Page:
'Goodbye Yellow Brick Road' Celebrates A Hit-Making Icon

Few musicians have had more success getting on the radio than Elton John. Over the course of 50-plus years and 30-plus studio albums, he and songwriting partner Bernie Taupin have charted 62 top 40 hit singles, including at least one every year from 1970 to 1996.
On the evening of Saturday, Jan. 21, that endless string of hits will be celebrated during “Goodbye Yellow Brick Road: An East Nashville Revue of Elton John” at The Basement East. 
Presented by The East Nashvillian along with The Tennessee Help, a band of local musicians including Philip Creamer, Tim Jones, and Chase McGillis, the event was born soley out of Elton John enthusiasm and affection for the venue.
“We had organized a couple different tributes at The Basement East in 2016 and been involved with some of the others that happened there last year. They’ve been a great outlet for us and our friends to jam when we’re all in town,” says McGillis. “Elton John and Bernie Taupin are such prolific writers of hit songs that are fun to play that it made sense to revue their work. He also happens to be one of my favorite artists.”
Likeminded concert goers will hear members of The Tennessee Help, plus Reuben Bidez, Ruby Boots, Jaida Dreyer, Colin Elmore, Shelly Fairchild, Josh Hedley, Jillette Johnson, Joel King, Jon Latham, Becca Mancari, Laura Mayo, Dean Moore, Josh Okeefe, Leroy Powell, Allen Thompson, Vandarian, and special guests perform John’s hits as well as his earlier work from albums like Tumbleweed Connection and the self-titled Elton John.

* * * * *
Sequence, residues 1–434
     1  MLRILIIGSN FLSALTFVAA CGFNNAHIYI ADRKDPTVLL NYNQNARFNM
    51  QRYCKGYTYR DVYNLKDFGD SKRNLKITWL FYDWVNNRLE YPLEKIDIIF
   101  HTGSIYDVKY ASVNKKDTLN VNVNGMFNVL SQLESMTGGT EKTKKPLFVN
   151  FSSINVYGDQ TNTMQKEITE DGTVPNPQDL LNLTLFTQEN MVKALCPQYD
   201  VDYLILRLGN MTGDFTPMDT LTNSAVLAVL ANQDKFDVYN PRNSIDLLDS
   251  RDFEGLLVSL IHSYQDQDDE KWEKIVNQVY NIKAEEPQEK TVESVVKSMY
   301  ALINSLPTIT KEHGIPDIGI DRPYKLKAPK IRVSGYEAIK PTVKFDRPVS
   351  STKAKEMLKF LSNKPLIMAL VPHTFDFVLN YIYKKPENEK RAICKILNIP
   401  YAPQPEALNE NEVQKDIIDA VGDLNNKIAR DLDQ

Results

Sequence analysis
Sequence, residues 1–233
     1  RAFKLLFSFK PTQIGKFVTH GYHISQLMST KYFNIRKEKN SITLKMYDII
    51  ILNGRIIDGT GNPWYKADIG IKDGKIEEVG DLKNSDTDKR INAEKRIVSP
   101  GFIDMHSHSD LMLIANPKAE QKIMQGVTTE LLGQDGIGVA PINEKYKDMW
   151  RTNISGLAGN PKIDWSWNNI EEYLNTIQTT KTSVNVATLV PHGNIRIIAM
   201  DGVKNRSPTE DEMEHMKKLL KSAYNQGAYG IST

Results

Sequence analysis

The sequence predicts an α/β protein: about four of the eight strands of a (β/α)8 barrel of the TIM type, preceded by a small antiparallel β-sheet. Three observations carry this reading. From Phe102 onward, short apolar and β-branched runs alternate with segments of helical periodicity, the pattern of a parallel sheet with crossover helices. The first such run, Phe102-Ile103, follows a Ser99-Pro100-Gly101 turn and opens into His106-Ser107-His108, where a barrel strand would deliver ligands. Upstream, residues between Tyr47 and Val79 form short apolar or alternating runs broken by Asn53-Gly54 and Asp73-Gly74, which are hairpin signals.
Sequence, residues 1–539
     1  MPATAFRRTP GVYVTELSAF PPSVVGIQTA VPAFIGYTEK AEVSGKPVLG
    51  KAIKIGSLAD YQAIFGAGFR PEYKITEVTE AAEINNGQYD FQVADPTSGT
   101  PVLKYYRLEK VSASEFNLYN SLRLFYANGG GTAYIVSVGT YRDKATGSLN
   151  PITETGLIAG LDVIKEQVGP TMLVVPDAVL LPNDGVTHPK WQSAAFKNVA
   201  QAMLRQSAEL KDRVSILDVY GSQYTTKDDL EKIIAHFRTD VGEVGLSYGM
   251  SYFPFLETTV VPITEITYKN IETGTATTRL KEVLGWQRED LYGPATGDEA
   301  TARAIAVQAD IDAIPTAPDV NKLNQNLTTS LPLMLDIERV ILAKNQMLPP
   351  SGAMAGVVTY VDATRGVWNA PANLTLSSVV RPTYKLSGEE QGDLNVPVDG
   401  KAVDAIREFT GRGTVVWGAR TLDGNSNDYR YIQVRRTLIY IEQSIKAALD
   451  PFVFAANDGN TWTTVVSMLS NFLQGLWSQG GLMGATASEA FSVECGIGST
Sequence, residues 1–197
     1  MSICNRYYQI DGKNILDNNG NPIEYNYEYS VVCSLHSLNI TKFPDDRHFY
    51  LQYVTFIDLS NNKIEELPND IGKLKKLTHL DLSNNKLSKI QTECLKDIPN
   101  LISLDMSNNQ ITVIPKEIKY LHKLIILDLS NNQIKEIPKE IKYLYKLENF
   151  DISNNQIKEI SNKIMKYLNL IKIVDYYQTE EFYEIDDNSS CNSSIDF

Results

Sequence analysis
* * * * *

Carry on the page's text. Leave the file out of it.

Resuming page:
“There is such a rich network of world-class musicians in Nashville that all we had to do was start contacting friends,” McGillis says of organizing the talent. “We just contacted them and had more than enough to get on stage and sing for the cause.”
Doors will open at 7:30 p.m. and the event will begin at 8:30 p.m. Tickets are $8 in advance or $10 at the door. They can be purchased online or won through our giveaway.
Proceeds raised by ticket sales will benefit the Tennessee Equality Project, which advances legislation and education to promote equality and inclusion for LGBT people.
“It was a great cause that all parties involved were willing to get behind,” says McGillis. “I like to think that Elton John would approve.”

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